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    ABSTRACT: Nanoscale functional structures are indispensable elements in many fields of modern science. In this paper, nanopillar array with a pillar diameter far smaller than Abbe's diffraction limit is realized by a new kind of continuous wave (CW) laser direct lithography technology. With atomic force microscopy technology, the average diameter of nanopillars on thin OIR906 photoresist film is about 65 nm and the smallest diameter is 48 nm, which is about 1/11 of the incident laser wavelength. Also, the influences of coma and astigmatism effects to the shape and size of nanopillar are numerically simulated by utilizing vector integral. As far as we know, it is the first time that nanopillar array is implemented by a donut-shaped 532-nm visible CW laser. The study presents a new, simple, inexpensive, and effective approach for nanopillar/pore array fabrication.
    Nanoscale Research Letters 06/2013; 8(1):280. · 2.52 Impact Factor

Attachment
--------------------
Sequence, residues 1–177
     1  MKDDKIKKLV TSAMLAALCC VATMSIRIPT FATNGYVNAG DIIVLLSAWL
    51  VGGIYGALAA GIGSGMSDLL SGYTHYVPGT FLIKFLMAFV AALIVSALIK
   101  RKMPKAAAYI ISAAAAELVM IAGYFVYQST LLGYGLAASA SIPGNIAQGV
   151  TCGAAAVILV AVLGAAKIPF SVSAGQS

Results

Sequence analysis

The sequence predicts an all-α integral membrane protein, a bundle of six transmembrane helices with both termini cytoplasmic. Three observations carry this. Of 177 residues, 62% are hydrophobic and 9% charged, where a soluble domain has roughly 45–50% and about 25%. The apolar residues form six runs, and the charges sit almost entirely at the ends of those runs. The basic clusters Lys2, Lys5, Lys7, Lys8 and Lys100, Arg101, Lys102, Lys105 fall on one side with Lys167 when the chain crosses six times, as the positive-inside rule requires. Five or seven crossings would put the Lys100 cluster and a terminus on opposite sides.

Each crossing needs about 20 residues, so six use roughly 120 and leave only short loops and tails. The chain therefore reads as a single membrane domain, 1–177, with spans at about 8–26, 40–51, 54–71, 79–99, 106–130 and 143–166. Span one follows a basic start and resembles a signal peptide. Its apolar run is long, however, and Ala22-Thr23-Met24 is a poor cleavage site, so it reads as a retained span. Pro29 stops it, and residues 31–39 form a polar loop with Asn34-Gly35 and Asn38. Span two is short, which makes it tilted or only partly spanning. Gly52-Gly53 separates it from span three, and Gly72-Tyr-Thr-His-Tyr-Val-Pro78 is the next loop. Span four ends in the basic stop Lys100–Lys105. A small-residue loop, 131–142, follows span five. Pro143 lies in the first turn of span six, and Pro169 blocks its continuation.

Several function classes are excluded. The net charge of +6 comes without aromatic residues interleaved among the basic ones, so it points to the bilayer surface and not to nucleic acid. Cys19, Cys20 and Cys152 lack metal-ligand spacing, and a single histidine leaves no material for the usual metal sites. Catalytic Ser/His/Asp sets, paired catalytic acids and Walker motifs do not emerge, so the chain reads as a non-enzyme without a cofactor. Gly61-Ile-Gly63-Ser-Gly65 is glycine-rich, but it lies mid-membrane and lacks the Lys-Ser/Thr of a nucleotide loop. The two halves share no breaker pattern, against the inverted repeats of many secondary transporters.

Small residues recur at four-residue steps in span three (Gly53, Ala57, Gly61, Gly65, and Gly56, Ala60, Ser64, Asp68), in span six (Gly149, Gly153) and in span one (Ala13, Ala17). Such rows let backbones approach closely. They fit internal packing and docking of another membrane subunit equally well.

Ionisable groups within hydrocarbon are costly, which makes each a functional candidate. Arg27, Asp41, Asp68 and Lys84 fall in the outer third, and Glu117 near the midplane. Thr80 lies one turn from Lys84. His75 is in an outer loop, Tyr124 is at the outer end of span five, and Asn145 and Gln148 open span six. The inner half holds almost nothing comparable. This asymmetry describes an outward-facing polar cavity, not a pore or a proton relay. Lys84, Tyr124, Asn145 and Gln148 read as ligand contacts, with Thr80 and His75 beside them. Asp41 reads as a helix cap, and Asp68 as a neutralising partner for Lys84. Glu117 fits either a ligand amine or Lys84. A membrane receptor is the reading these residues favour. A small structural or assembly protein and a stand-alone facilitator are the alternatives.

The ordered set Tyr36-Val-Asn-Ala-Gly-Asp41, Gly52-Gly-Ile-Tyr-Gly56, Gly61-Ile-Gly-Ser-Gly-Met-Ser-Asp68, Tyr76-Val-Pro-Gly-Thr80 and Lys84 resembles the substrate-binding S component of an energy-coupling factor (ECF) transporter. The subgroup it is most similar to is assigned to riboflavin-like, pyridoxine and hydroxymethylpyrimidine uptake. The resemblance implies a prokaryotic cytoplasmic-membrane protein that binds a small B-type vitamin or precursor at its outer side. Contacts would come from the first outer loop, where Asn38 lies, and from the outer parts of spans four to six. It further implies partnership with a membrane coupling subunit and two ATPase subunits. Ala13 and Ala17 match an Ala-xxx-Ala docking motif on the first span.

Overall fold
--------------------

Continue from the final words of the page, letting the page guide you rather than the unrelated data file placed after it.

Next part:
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    ABSTRACT: BACKGROUND/PURPOSES: Fluorescence emission from in vivo cutaneous melanin was recently detected under near-infrared (NIR) excitation by our group. We then built a prototype NIR autofluorescence imaging system to observe and characterize the melanin distribution in human skin. In this article, we reported a new setup of NIR fluorescence imaging system and calibration methods to optimize the system for better clinical feasibility and clearer image. METHODS: The imaging system was designed to perform both fluorescence and reflectance imaging with a 785-nm fiber-coupled laser source. The illumination light was purified by a 785-nm bandpass filter for fluorescence excitation; while the spontaneous components were selected by a longpass filter for NIR reflectance imaging. A hand-controlled filter wheel was used to switch these two filters for different imaging modes. A dichroic filter was used to guide the illuminating light onto the skin surface for excitation. Reflectance and fluorescence signals were collected sequentially by a NIR optimized CCD camera. The captured images were calibrated by the reflectance images of a standard reflectance disk for non-uniform illuminations and light collection efficiencies. RESULTS: The clinical results demonstrated that NIR fluorescence intensities and distribution patterns vary among lesion types. It was also confirmed that pigmented skin lesions emitted higher NIR fluorescence than the surrounding normal skin due to the presentation of higher concentrations of cutaneous melanin within the lesions. CONCLUSION: NIR autofluorescence imaging system could be utilized as a powerful tool for visualizing melanin distribution in pigmented skin lesions and as a potential method for aiding melanoma detection.